“This chamber is a place of reason, invested with certain powers and authorities! When power is invested in many, it cannot be seized by one! That was the plan and the purpose when the Republic was formed!
“The powers that this Act seeks to invest in the Supreme Chancellor belong to the Senate! They are our responsibilities and given to us in trust…
“We fight for the Republic. But what is the Republic, if not the principles on which it is based? To cast aside those principles would make even a clear-cut victory in this war pointless.”
Despite Organa’s efforts, the Act is passed into law by the Senate. Although he has lost this battle, Organa tells Mon Mothma he now recognizes the importance of fighting for the integrity of the Republic.
When Attack of the Clones and Revenge of the Sith were released in 2002 and 2005, Lucas was asked if he was commenting upon George W. Bush’s “War on Terror,” the passage of the Patriot Act, and the formation of the Department of Homeland Security. Lucas denied this, stating that both the original trilogy and the back story he utilized in the prequels were originally conceived in the early-to-mid 1970s. If there was any influence, it was actually Richard Nixon and the Vietnam War.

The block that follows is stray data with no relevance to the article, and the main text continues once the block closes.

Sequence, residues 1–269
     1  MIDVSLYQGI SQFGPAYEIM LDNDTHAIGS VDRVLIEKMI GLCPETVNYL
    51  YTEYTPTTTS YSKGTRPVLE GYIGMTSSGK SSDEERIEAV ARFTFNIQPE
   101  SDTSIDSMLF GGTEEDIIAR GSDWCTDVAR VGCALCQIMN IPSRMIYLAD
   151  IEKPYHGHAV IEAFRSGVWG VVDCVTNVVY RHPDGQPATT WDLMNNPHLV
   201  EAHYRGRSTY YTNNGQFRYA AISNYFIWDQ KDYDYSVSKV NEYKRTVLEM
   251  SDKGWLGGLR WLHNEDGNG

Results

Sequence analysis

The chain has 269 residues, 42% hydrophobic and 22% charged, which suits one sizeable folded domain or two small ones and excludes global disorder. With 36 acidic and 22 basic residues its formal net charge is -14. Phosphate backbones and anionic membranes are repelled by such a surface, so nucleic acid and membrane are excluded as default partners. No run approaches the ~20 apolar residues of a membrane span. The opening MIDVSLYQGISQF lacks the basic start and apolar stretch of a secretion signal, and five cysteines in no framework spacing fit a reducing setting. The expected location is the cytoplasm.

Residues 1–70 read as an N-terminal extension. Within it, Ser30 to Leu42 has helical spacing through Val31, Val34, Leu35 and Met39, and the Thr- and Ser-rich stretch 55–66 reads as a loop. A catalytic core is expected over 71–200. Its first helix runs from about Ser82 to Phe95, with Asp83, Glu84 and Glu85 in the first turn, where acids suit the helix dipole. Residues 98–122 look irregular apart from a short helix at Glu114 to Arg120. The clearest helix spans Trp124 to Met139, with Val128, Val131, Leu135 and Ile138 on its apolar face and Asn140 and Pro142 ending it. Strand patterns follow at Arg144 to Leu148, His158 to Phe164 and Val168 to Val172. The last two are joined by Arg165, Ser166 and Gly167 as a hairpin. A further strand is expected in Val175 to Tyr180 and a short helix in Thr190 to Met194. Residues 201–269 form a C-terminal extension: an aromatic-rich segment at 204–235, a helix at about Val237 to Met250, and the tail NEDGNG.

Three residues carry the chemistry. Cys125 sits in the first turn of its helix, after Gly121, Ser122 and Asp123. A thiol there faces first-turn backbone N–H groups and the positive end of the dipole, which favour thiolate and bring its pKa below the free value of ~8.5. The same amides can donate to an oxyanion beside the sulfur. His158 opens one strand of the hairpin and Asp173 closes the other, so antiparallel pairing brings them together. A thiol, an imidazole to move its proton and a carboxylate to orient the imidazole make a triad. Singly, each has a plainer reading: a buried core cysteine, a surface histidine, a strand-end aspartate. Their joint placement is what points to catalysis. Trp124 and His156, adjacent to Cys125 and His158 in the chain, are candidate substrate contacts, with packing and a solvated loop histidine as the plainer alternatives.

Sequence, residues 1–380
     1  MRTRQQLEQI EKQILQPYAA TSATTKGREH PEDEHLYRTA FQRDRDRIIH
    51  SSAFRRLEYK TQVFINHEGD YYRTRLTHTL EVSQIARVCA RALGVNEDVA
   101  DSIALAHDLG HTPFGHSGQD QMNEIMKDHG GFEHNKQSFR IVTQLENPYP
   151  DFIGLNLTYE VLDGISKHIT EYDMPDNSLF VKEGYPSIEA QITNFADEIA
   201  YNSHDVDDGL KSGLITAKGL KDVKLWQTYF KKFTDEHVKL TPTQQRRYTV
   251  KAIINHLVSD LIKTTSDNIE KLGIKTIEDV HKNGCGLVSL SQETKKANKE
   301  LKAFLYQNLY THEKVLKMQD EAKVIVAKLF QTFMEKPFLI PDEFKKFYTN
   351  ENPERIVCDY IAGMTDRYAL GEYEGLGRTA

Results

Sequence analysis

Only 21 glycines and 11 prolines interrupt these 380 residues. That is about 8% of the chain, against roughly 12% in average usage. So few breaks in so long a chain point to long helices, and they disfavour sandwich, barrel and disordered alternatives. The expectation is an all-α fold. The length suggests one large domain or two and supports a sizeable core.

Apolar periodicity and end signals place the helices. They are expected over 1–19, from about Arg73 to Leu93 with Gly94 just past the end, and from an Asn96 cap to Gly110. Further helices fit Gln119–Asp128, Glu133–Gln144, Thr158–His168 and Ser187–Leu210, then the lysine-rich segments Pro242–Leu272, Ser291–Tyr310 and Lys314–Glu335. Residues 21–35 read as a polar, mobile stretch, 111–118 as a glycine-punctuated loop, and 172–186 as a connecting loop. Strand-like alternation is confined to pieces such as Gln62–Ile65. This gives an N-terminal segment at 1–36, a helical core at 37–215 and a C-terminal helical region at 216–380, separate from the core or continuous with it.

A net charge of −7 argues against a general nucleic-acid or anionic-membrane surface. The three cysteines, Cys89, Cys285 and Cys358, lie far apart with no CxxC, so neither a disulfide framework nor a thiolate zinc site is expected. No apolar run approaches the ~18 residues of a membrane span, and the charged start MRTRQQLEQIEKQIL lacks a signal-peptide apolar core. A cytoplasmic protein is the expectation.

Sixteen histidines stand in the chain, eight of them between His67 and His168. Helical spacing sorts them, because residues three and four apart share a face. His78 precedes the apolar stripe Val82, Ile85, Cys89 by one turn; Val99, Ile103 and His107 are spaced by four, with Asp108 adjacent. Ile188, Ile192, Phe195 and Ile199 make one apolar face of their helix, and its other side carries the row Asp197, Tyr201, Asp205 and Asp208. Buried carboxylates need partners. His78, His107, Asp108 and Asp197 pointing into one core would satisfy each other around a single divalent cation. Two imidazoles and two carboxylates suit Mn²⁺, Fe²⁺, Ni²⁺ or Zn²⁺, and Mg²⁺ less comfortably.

Lucas went on to state that the prequels were an observation of the cyclical nature of human history. Specifically he was commenting upon how democracies often give way to dictatorships as citizens willingly give up their rights & freedoms for the promise of security.